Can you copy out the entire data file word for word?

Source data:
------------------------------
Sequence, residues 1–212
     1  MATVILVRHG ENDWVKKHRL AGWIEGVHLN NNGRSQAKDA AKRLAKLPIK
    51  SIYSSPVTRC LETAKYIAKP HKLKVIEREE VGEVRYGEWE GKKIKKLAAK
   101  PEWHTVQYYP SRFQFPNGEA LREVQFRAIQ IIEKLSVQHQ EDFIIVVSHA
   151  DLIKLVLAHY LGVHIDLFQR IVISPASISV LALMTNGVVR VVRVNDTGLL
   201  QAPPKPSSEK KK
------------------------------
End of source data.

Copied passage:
Sequence, residues 1–212
     1  MATVILVRHG ENDWVKKHRL AGWIEGVHLN NNGRSQAKDA AKRLAKLPIK
    51  SIYSSPVTRC LETAKYIAKP HKLKVIEREE VGEVRYGEWE GKKIKKLAAK
   101  PEWHTVQYYP SRFQFPNGEA LREVQFRAIQ IIEKLSVQHQ EDFIIVVSHA
   151  DLIKLVLAHY LGVHIDLFQR IVISPASISV LALMTNGVVR VVRVNDTGLL
   201  QAPPKPSSEK KK